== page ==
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Jules Audemars: The Children are Educating their Parents
January 3, 2011 Personalities

The children are educating their parents

Jasmine Audemars, president of the Audemars Piguet Foundation, follows its environmental and educational projects closely. A look back on 18 years of professional commitment.


Jasmine Audemars, you have been president of Audemar Piguet’s board of directors since 1992. Was it a natural consequence that you should also become President of the Foundation?

I succeeded my father, who was President of the Foundation in its early years. It was his desire. He was happy to have me follow in his footsteps. And I wanted to continue.

Dozens of projects have been started since you took office. Are some more important to you than others?

They are all important, and all are close to me. One particularly interesting project was a program to finance barrels made of Swiss oak, in cooperation with the agricultural school at Changins.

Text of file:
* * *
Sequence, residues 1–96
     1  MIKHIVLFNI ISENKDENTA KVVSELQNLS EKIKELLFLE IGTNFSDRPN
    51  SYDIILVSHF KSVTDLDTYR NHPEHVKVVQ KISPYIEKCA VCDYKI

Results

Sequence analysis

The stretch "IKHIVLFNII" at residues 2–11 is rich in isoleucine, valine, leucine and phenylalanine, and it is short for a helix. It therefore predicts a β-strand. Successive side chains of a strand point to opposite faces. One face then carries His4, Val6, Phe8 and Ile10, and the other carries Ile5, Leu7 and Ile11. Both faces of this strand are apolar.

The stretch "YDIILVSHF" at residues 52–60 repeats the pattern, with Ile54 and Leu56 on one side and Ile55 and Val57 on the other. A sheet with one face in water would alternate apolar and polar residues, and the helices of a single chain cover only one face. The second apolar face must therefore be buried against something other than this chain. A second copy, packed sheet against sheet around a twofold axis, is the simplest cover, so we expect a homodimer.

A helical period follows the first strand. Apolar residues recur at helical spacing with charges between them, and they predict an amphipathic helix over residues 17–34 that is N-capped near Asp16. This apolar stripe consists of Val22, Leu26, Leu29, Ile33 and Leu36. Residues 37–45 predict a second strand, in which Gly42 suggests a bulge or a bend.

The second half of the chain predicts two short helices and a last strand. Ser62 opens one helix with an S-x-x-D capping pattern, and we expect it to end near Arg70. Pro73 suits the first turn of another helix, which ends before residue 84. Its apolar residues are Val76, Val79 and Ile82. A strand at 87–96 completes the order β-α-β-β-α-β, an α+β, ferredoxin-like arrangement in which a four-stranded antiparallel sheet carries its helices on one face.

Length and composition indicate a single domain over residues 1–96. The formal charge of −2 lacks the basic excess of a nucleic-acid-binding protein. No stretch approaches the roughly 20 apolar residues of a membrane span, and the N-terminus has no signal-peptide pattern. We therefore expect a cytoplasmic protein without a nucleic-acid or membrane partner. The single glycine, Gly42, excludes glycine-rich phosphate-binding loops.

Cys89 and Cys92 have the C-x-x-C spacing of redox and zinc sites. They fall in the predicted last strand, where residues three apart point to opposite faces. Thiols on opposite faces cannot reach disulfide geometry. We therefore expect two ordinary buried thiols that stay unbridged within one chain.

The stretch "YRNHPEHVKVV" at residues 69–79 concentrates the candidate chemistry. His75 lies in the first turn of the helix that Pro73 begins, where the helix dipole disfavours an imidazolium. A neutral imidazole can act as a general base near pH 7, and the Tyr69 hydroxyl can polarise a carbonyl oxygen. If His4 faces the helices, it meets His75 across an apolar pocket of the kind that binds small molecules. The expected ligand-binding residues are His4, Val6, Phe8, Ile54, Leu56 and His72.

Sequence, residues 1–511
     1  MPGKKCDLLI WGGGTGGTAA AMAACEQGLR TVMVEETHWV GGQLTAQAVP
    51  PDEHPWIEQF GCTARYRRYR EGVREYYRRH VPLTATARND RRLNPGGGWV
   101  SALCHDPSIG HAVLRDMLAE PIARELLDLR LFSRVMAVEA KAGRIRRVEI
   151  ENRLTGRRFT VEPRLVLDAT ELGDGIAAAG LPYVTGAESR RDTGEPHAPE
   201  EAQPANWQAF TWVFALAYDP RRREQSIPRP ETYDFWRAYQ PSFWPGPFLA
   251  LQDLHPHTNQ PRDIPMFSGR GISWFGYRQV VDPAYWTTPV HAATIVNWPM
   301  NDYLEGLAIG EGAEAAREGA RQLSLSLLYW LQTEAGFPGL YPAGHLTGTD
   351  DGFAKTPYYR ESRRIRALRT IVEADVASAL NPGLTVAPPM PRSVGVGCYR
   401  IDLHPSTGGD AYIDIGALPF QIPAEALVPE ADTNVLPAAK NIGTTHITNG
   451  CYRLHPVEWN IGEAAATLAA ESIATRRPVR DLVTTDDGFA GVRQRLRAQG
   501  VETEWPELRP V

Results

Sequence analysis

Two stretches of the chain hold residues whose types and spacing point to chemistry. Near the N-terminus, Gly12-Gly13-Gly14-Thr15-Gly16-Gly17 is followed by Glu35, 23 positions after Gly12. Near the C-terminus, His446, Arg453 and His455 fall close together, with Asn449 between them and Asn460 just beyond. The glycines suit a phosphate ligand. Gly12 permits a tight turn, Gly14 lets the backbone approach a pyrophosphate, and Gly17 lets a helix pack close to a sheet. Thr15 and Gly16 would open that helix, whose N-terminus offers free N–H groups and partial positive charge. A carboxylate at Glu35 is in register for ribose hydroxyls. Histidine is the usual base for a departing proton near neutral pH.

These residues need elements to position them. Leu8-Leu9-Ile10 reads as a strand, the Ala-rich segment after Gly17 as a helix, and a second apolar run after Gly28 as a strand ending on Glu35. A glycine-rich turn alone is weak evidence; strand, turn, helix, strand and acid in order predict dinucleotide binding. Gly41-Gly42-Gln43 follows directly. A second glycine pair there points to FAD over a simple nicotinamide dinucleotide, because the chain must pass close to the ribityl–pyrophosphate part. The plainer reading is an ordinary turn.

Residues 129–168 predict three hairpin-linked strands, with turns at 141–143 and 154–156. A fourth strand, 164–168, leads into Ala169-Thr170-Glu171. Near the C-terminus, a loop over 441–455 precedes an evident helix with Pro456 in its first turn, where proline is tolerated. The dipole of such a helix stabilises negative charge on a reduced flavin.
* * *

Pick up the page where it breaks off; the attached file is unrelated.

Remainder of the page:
A very local project. Why?

We initiated the fabrication of wine barrels made of oak. It was an opportunity to diversify the use of Swiss oak forests. There‘s no reason why Swiss wine kegs shouldn’t be as good as their French or American counterparts. One happy by-product was a vintage white and a vintage red wine for the Foundation.

You also helped initiate the Foundation’s educational activities. Did this have special significance for you?

Yes. Eight years after I became President, we included environmental education for children in the Poundation’s programs. We have several wonderful projects that bring children and trees together. It is very worthwhile and satisfying. The children understand immediately. Today, the children are educating their parents.

You worked in the past as a journalist. Are you tempted to give greater publicity to the Foundation’s activities?

We tend to stay in the background. The Foundation is not a marketing tool, and it can’t be, because the regulations governing foundations don‘t allow this kind of activity. However, thanks to Daniel Saugy, the Foundation‘s Secretary General, we have improved communications, especially within the company.

You were editor-in-chief of the Journal de Genève for twelve years. Do you miss the world of journalism?

No. I spent 23 years in journalism. It’s a wonderful profession. But it was time to change, and I wanted to renew the ties I had always maintained with the watchmaking industry. After all, there is not that much difference between running a newspaper and managing a watch manufacture. You need talented people for both creating a newspaper and making watches.